*TV SERIES RECAP: THE PLOT AGAINST AMERICA

The basic premise of The Plot Against America is to reimagine what would’ve happened if Charles Lindbergh and not FDR had won the 1940 US presidential election. It is based on the 2004 novel of the same name by Philip Roth. The story is told through the eyes of the Levins family; A Jewish working-class family living in 1940s Newark, New Jersey.

The background of the story is that Charles Lindbergh (Ben Cole) is campaigning hard all over the country, where anxious crowds are waiting to hear him speak. Lindbergh flies a plane down to his campaign rally appearances while selling an isolationist agenda to the American public, and he is also opposed to joining the war effort against Nazi Germany; Lindbergh even has a campaign slogan consisting of repeating the same phrase over and over again at every single rally: “The choice is simple. It is not between Charles Lindbergh and Franklin Delano Roosevelt. It is between Charles Lindbergh and war.”

This show draws you in slowly; it takes the first two episodes to get a tangible sense of the characters and where the story is going. The tension grows in every episode; the plot moves slowly, but it works well. The world these characters inhabit feels authentic. And the clear depiction of this working-class neighborhood made up of mostly Jewish and Italian immigrants in 1940s Newark, New Jersey, was well crafted.

You get to know this Jewish family well; you get a good sense of this family and their suburban life. There are slow warnings of potential danger to their community through news reports on the radio and newsreels. The depiction of the slow and steady rise of fascism and the terror that it causes within the Jewish community is remarkable. All those things are put together brilliantly.

We get a closer look at the story through the eyes of young Philip Levin (Azhy Robertson), as he comes to terms with the reality of things. The audience also begins to come to terms with the high stakes at play alongside young Philip. We have to lean in and pay attention to each scene closely.

It is impossible not to avoid the obvious comparison between this show’s premise and the rise of Donald Trump. The idea that a celebrity with no political experience becomes a politician and turns out to be a populist and a right-wing nut job — appealing mostly to the lowest common denominator of voters is eerily similar — once elected, this right-wing hack turns the whole country into a fascist regime and The United States’ decline is set into motion.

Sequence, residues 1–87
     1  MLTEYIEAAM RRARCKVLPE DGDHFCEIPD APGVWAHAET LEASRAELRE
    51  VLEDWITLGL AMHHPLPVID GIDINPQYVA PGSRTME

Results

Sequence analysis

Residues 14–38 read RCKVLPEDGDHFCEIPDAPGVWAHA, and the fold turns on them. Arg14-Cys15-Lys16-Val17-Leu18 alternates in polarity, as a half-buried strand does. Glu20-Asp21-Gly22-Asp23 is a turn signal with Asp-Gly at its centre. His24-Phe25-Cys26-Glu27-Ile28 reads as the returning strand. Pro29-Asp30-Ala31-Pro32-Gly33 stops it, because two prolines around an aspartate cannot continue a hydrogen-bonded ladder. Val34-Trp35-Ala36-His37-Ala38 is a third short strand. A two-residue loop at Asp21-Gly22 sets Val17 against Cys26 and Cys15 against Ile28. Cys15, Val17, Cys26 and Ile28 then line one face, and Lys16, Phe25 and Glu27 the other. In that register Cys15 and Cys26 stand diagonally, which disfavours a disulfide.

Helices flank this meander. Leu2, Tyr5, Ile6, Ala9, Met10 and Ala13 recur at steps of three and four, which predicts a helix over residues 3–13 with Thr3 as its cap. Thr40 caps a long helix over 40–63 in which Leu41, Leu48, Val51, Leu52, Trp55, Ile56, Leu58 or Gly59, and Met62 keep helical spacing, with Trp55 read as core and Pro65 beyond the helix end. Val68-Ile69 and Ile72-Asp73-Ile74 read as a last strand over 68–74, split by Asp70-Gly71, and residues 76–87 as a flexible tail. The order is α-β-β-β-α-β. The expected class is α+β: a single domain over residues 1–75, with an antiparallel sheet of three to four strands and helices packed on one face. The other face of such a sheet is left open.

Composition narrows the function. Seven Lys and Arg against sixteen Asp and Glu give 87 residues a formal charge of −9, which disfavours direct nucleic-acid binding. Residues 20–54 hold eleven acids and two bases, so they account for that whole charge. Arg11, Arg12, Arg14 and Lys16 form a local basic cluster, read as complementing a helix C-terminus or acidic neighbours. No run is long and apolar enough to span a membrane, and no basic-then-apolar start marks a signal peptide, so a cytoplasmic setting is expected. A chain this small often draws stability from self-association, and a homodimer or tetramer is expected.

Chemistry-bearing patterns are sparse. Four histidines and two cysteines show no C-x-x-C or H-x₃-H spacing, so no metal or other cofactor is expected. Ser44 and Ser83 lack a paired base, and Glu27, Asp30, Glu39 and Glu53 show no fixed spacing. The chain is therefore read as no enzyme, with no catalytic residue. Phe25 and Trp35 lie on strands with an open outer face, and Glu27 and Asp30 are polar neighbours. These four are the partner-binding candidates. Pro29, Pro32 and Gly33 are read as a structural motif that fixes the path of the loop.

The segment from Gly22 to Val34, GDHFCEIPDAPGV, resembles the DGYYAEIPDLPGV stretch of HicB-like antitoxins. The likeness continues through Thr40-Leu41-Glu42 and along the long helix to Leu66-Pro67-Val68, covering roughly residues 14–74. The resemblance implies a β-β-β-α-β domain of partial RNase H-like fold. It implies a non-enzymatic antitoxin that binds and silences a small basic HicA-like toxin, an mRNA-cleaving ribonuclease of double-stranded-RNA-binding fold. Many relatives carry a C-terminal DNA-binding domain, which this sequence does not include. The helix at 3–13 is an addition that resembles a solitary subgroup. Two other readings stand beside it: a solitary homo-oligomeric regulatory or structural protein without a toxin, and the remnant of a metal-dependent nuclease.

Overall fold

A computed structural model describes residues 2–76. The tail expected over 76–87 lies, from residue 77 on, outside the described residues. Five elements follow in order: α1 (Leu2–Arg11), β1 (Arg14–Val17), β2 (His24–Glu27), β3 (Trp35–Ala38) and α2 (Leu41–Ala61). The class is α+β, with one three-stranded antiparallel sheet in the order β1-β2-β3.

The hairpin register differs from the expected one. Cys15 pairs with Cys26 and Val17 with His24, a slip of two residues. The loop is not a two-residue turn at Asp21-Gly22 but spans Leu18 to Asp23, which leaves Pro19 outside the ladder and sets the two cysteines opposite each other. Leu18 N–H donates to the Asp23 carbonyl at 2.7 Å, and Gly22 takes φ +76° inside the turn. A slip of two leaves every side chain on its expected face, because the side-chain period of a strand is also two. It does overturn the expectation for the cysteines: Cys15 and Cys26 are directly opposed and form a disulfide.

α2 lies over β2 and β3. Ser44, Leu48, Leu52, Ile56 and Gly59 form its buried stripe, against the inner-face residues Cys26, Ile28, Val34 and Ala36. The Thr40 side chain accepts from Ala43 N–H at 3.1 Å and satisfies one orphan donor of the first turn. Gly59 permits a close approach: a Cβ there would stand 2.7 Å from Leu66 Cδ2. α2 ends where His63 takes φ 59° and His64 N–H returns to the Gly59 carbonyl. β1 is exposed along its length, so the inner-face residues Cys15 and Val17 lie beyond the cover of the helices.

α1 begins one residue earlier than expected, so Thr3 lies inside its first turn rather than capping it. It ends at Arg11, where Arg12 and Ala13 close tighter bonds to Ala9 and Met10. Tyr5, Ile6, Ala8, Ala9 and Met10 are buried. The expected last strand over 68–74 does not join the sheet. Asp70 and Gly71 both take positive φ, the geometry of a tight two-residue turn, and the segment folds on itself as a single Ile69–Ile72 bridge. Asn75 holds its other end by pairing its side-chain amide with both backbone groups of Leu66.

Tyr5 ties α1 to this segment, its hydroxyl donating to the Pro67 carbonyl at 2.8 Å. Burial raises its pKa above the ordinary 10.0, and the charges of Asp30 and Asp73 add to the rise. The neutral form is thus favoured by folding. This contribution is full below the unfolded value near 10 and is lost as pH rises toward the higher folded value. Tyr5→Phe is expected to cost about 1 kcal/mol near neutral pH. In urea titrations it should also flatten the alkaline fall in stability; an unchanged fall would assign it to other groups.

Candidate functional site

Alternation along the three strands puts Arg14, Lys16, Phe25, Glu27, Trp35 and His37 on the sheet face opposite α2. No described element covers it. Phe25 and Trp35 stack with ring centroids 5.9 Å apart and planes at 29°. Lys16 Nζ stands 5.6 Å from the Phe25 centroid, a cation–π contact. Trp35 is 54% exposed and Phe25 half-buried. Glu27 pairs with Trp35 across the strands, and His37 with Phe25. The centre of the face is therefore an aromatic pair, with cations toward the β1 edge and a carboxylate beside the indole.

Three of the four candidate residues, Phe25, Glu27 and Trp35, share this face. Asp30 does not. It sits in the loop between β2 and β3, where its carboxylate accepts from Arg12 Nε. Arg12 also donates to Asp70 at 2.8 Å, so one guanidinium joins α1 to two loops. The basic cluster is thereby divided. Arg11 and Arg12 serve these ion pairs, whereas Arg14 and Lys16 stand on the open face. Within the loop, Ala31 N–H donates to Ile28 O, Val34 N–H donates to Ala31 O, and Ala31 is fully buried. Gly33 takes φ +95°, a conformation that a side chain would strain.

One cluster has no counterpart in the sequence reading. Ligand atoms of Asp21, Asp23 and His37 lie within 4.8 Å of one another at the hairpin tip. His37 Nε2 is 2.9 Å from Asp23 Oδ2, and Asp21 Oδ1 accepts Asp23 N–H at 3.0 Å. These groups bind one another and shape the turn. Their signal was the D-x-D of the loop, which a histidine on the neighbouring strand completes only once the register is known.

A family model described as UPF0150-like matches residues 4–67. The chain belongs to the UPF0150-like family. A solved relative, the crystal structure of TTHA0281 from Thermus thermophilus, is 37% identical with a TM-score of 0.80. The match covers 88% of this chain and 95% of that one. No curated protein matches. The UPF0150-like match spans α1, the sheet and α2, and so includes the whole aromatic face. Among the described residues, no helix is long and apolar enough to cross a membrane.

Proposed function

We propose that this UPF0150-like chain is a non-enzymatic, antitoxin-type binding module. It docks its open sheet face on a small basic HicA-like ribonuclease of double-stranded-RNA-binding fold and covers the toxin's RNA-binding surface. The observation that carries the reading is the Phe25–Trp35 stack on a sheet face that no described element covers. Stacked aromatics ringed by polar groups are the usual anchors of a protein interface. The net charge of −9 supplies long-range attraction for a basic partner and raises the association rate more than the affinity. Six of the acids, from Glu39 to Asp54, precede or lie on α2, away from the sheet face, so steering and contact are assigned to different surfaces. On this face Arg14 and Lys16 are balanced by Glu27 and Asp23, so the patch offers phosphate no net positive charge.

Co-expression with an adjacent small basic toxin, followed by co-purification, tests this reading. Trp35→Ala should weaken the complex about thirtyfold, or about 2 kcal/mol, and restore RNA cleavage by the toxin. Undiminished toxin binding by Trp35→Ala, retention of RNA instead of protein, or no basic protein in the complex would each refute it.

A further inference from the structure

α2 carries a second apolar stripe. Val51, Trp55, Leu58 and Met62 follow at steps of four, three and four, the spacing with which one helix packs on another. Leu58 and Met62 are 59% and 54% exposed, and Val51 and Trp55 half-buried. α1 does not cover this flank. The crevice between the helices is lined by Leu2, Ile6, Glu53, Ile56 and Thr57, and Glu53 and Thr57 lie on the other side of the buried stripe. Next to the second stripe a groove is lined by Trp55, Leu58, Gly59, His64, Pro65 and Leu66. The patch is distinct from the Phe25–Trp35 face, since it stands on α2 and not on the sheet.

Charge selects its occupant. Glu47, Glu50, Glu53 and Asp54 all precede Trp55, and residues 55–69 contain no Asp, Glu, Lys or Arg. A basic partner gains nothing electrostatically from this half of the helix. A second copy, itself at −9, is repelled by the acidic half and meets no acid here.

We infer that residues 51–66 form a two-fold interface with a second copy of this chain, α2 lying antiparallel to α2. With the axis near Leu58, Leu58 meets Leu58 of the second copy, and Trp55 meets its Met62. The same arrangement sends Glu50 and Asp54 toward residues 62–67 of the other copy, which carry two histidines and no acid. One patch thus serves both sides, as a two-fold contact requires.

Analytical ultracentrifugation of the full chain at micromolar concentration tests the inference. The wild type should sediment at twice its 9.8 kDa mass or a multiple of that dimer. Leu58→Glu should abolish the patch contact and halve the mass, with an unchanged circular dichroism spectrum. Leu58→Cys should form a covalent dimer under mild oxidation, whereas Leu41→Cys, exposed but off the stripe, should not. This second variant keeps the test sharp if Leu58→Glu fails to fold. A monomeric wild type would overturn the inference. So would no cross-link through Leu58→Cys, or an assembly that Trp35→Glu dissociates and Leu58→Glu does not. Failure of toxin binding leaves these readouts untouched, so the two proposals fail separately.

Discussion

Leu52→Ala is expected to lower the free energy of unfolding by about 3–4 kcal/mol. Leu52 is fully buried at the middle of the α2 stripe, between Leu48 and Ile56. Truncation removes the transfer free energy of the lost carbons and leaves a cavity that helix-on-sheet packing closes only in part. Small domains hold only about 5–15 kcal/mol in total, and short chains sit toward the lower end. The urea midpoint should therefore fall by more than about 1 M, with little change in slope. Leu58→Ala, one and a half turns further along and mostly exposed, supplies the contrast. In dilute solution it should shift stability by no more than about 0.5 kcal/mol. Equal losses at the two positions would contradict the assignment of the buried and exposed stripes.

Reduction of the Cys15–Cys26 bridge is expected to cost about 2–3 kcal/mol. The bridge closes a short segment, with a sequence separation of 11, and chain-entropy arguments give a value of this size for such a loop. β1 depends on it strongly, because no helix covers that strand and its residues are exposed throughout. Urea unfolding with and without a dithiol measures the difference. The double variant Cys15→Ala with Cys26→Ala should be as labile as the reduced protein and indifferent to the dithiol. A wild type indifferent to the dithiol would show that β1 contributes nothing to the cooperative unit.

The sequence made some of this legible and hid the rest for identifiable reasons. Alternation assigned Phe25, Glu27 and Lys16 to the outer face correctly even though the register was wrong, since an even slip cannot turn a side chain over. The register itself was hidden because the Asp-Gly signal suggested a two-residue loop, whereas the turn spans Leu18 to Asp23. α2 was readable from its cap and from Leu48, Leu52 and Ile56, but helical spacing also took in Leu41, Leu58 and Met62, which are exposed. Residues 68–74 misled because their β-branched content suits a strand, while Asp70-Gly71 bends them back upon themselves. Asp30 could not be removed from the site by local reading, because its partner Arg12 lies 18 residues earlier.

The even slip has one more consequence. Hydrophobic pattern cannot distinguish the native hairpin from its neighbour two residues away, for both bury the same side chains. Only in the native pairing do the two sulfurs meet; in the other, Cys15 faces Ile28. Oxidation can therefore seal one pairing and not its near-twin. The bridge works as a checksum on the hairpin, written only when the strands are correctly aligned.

It is chilling to see how Lindbergh uses a populist agenda and turns to members of the Jewish community to do his bidding. We have Rabbi Lionel Bengelsdorf (John Turturro), an influential leader in the Jewish community, who becomes a strong supporter of Lindbergh, normalizing many of Lindbergh’s rhetoric and, in a sense becoming the “token” Jew of the campaign.

I cannot help but see similar and modern parallels within many leaders and influential Hispanic community members who supported and continue to support Trump and his right-wing anti-immigrant agenda.

The performances are excellent. Morgan Spector (Herman Levin) and Zoe Kazan (Bess Levin) are fantastic. Both characters sense the danger of Lindbergh’s rhetoric but cope and approach the imminent threat to their community differently. Winona Ryder (Evelyn Finkel) is outstanding as this naive and over-trusting follower of Rabbi Bengelsdorf. The kid that plays Seldon (Jacob Laval) is a scene-stealer.

Kudos to David Simon for this remarkable and thought-provoking adaptation. I must confess that I have never seen The Wire; I’ll get around to it eventually. However, I’m a massive fan of The Deuce, which is one of the best things I’ve seen on TV in the last 20 years. Both of those shows were David Simon creations.

At its core, The Plot Against America is speculative and alternative history. Notwithstanding, it is also a clear warning of a dystopian horror that might await us in the not-so-distant future if we allow populist, isolationists, and xenophobic demagogues to rise into political positions of power.

Five out of Five Popcorn Bags 🍿🍿🍿🍿🍿

THE PLOT AGAINST AMERICA (2020). Streaming now on HBO

*TV SERIES RECAP: THE QUEEN’S GAMBIT

You don’t have to care, like, or even understand chess to be fascinated by it and to admire those who have mastered it. There are only two chess-related movies that I have thoroughly enjoyed: Pawn Sacrifice (2014) and Searching For Bobby Fischer (1993). They are both based on real-life characters.